As part of my recent reentry in rod making, I purchased a set of forms from Lon Blauvelt. Lon bills his forms as ready to use right out of the box. Mine weren't quite. They needed to be disassembled and thoroughly cleaned. Then when checking the groove, I found several spots were the milling cutter had left a tiny shelf on one side of the groove, which had to be carefully cleaned up with a 60 degree carbide lathe tool and a small file. As far as flatness goes, mine were OK except for one spot covering 10" of the butt side of the form were there was a noticeable crown. As I use a plane with a milled slot on the sole, I wasn't too worried about this. I may take off more wood in this spot, but I can compensate when setting the final dimensions. The good news was that the groove is an accurate 60 degrees and the taper is reasonably consistent. Lon says his tip form goes down to .028 but mine are more like .023. That's fine with me as it opens up possibilities of really fine tips. I paid $368 for them delivered. I haven't planed any cane on them yet, but I believe they'll work fine. Oh, one more thing. Lon doesn't mention it on his web site, but his forms have extra push screws between stations on the butt end of the forms for working with swelled butt designs.
I haven't seen any of the new CO Bootstrap forms, so I can't speak to his current form quality. But I expect it's just as good as it used to be. Either form will serve you well, but either one might require a little tweaking or flat filing before use. If you don't mind spending the extra $50, get the CO Bootstrap forms. I almost wish I had. (Bill Benham)
I have a hex and quad set from Lon B. I think they are both nice planing forms. They are well priced for their quality level. I think that you can make very competent and precise rods with Lon's forms. I like Jeff Wagner's forms personally, but the cost factor is higher. It depends on what you are shooting for. (Bob Maulucci)
I have a set of Colorado. Bootstrap's forms and have made some perfectly good rods on it. I also have a set of Jeff Wagner's forms and really like them. (Steve Weiss)
Any scoop on the Lon Blauvelt’s planing forms?
I have a friend who is considering how to get into his first couple of rods as inexpensively as possible (you all know how some folks only make that one rod).
I didn't like the dowel holes on the flat planing surface. (Scott Turner)
I've been using one of Lon's planing forms for the last few years (about 6 rods). Never used one of the more expensive ones so I don't have anything to compare it to but I can say that Lon's planing form has been good for me. (Jim Maselli)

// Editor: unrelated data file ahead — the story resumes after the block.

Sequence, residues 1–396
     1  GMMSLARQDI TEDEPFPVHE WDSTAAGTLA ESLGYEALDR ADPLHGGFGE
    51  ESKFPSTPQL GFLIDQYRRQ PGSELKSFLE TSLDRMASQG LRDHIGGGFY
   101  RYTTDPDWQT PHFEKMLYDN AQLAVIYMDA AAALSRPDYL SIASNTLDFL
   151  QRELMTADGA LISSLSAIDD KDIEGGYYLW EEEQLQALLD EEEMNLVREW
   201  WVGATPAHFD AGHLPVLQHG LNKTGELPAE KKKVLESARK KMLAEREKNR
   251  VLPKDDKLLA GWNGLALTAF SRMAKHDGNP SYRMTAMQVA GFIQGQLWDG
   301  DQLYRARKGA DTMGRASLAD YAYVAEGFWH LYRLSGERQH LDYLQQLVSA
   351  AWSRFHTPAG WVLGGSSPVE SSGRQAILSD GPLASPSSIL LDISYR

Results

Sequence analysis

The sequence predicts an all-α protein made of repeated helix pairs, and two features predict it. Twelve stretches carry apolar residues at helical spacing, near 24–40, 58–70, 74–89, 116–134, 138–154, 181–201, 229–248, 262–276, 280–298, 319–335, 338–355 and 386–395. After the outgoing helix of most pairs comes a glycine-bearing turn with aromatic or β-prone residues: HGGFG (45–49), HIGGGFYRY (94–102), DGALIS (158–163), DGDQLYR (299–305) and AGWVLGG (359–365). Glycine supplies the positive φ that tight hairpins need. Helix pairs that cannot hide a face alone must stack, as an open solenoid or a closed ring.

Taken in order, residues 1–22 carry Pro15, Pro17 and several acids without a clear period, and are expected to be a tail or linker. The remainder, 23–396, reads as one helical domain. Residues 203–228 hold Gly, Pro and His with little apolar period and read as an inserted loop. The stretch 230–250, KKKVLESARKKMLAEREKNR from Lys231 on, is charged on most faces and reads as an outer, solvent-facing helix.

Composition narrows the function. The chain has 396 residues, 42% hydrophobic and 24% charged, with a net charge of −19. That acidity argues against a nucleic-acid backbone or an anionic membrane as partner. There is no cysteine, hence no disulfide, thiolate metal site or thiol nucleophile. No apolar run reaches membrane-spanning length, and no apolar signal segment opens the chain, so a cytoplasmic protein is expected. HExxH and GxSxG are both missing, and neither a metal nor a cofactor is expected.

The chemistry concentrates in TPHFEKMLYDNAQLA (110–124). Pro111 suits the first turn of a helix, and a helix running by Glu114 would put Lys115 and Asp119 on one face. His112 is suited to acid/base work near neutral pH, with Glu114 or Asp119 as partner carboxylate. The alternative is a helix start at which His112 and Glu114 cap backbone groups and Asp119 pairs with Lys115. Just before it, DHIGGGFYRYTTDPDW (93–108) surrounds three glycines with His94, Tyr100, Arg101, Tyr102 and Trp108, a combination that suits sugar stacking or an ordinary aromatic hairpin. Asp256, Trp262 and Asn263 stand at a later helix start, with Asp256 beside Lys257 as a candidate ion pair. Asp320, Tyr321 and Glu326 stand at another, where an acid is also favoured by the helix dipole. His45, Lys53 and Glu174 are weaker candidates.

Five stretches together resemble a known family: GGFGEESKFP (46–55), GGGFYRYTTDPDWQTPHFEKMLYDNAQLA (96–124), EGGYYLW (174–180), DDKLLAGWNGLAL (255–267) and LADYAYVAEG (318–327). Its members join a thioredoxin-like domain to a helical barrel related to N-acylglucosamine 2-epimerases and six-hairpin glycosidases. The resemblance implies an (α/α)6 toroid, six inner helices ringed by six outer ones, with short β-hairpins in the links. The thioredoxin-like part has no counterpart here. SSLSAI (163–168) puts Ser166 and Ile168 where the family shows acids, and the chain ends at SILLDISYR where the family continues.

I have not seen one of Lon's forms, but from his description I would expect you might make several hundred rods on his form. I cannot see any reason for a form of this description to fail. The only probably cause could be the adjusting screws and I can assure you that you will not ever put so much stress on the threads that they will fail. I have a form of Hoagy Carmichael's that has seen over a hundred + rods and yes I did have a problem one of the differential screws broke., but that was different because I was torquing a lot of pressure for a swelled butt. The form is a good value and well worth the money. If steel forms are too expensive make your own wooden ones. (Ralph Moon)
I have used forms from Lon for about three years with fine results. No complaints at all. I don't think your friend can go wrong with them. (Ron Revelle)
I've used Lon Blauvelt's planing form since I began in January 2004. At the time I did not have the proper drill press to make my own. He lapped the surface well and shipped them in a solid tube. It appears that he ground the taper in a machine shop. 60 inches, so an 8 foot 2 piece rod is the realistic limit; maybe 8'6". After 12 rods, no complaint, but then I don't have any other experience to compare. The dowel pins are not on (or did you mean near?) the planing surface, rather through the center as two other forms I've seen (but not used). His photos at the web site may be skewing the perception, so you should ask. I've wondered if these forms will last 100 rods, like the expensive ones are touted. Probably not, so I try not to torque the bolts too hard. I won't last 100 rods, in any case. (Paul Franklyn)
Purely as a matter of academic interest, why shouldn't a set of forms last 100 rods ? If you don't strip the screws or the holes, and if you don't do your planing with an angle grinder, what is to wear out ? And even if you do strip screw holes, surely you can just drill another set about an inch away from the other holes. You don't have to measure your 5" dimensions over a set of push/pull screws; for example, if you are doing a rod that quotes the taper in 6" increments, you can just measure them where they fall. And if the holes were too close to the planing surface, ditto, but with smaller bolts.